On the 14 July 2015 the New Horizons probe successfully completed its closest approach flyby of Pluto.
Visit to Pluto
Image Credit: NASA
Launched in January 2006, New Horizons is the first mission to visit the Pluto system and the Kuiper Belt. Helped by a Jupiter gravity assist the New Horizons probe made its way to visit the most famous of dwarf planets. For around five months the spacecraft will investigate the Pluto system but the closest view the probe happened during its closest approach flyby on the 14 July.
With a number of different scientific instruments on board, New Horizons will help us find out more about the surface, geology, interior and atmosphere of Pluto and some of its moons. Due to the distance New Horizons has had to travel, its flyby of Pluto had to be brief due to its speed. To make sure the probe could collect as much data as possible it spent a 21 hour period completely dedicated to taking data. This meant that during the time the probe could not communicate with mission controllers down on the ground. Here on Earth scientists had to wait nervously for a set of messaged to be delivered to confirm that the spacecraft was still okay.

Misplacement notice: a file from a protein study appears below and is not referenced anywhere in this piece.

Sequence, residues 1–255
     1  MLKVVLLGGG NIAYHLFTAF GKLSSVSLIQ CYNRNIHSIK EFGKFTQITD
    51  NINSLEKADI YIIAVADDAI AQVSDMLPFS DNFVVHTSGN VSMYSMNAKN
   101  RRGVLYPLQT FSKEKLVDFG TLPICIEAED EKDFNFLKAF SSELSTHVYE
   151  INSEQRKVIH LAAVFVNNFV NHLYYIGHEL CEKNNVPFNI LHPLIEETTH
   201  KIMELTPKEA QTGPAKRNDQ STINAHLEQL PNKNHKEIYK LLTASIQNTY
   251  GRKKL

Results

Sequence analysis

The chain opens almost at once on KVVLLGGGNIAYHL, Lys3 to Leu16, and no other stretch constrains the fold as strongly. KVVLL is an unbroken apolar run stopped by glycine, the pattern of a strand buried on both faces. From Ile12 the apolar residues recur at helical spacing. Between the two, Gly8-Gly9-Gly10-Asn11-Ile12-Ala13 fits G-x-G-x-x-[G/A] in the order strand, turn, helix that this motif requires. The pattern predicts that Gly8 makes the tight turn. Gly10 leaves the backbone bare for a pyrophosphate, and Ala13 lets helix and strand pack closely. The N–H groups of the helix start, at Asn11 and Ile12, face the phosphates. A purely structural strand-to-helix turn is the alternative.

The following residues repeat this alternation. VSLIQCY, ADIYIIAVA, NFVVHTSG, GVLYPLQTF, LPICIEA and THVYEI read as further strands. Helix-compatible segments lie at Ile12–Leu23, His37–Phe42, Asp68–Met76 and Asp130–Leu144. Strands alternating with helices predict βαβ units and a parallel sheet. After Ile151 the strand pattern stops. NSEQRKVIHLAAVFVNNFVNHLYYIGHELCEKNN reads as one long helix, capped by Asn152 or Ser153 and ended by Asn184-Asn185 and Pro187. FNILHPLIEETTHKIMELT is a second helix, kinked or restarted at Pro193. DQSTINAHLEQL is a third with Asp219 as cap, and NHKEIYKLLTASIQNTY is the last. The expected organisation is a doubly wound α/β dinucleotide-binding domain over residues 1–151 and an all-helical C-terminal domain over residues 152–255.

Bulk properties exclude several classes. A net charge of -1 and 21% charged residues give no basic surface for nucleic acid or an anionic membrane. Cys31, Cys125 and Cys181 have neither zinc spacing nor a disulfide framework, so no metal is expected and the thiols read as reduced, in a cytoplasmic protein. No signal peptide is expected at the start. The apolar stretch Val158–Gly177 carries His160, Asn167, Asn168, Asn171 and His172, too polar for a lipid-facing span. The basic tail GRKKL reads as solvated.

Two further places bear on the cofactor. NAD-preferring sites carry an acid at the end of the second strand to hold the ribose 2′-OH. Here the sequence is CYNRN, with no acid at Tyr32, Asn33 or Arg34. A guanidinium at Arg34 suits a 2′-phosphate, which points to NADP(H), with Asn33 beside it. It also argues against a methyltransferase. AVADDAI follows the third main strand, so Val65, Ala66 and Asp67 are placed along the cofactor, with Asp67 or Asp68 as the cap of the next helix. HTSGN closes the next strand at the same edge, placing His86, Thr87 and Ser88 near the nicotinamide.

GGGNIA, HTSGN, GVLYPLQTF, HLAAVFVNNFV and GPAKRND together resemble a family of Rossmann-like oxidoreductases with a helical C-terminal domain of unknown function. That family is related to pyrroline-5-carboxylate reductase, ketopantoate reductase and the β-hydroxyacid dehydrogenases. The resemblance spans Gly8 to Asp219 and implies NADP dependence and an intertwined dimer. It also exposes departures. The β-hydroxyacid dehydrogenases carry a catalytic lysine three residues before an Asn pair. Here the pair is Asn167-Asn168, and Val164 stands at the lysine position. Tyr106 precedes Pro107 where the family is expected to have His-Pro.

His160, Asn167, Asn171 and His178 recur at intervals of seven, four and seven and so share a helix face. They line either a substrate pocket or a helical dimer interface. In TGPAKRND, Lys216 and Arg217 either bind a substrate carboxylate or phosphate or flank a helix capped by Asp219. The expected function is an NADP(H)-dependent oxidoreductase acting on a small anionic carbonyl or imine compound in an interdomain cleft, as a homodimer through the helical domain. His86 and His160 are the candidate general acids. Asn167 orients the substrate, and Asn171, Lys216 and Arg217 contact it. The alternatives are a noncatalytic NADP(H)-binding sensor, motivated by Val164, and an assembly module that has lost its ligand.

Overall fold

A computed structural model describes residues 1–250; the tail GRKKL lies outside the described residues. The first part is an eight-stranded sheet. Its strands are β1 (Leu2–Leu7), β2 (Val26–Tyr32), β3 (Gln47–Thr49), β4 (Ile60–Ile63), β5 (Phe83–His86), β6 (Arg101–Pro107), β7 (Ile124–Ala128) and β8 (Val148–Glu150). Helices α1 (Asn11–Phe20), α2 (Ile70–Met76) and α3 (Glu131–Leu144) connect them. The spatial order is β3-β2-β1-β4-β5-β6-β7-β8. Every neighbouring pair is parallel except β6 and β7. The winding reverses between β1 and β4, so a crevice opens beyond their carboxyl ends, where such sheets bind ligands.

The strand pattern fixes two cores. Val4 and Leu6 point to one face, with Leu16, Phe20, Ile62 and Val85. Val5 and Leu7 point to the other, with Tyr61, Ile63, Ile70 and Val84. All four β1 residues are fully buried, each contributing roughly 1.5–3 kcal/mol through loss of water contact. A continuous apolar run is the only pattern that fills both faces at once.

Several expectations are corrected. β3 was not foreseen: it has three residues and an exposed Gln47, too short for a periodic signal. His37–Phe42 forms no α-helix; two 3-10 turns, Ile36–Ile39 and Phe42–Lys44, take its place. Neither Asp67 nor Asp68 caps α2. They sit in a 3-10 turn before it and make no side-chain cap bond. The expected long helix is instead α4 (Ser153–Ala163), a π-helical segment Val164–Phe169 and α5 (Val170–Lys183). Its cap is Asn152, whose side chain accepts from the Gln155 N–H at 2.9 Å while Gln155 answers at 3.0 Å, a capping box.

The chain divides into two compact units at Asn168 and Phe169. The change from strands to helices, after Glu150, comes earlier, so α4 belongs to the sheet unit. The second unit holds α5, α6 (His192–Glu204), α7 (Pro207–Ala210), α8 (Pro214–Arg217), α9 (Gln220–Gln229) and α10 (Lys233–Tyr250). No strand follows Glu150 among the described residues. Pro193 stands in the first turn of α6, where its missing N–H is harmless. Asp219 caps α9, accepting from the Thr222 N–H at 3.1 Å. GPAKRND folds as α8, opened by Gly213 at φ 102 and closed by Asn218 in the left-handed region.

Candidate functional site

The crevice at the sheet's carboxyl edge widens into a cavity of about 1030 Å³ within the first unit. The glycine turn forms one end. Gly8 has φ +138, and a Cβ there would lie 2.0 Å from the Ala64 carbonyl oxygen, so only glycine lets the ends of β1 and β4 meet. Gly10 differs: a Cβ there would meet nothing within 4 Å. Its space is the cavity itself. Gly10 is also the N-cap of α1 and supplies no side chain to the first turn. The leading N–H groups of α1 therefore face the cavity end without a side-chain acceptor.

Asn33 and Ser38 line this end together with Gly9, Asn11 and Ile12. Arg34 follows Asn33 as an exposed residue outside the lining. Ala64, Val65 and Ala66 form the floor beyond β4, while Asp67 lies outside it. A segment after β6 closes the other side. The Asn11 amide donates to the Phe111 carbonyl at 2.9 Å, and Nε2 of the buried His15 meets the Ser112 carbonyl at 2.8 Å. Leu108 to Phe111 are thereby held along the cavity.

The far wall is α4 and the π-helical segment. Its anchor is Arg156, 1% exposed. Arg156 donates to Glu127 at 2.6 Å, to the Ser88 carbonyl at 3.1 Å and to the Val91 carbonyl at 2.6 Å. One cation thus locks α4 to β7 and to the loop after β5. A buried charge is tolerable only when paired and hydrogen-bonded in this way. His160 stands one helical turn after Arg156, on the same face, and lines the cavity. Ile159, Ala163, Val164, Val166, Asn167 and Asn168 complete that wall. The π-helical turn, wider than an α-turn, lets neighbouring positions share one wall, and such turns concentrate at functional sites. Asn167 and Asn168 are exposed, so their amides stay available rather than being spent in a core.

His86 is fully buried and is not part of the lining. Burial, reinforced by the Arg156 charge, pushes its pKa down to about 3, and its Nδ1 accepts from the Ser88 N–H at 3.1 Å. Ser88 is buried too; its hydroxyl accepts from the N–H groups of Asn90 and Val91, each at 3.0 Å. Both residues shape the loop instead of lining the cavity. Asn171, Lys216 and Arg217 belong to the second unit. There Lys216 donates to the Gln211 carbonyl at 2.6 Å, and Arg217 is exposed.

Luckily all went to plan and we now have the most detailed images of Pluto and its largest moon, Charon, to date. Inital analysis of the data shows that both Pluto and Charon have complex surfaces. Scientists will be studying the data to look for surface features and theories of how they got there. Data so far shows that Pluto has complex surface properties with a variety of different regions of composition on the surface.
Now that New Horizons has completed its Pluto flyby it will now continue on to its extended mission. Adventuring further into the Kuiper belt the probe will go on to study one or two of the icy snowballs called comets that live out in our solar system. Understanding the object in the far regions of our solar system like Pluto, comets and other dwarf planets could help us unlock the understandings of how the solar system first formed.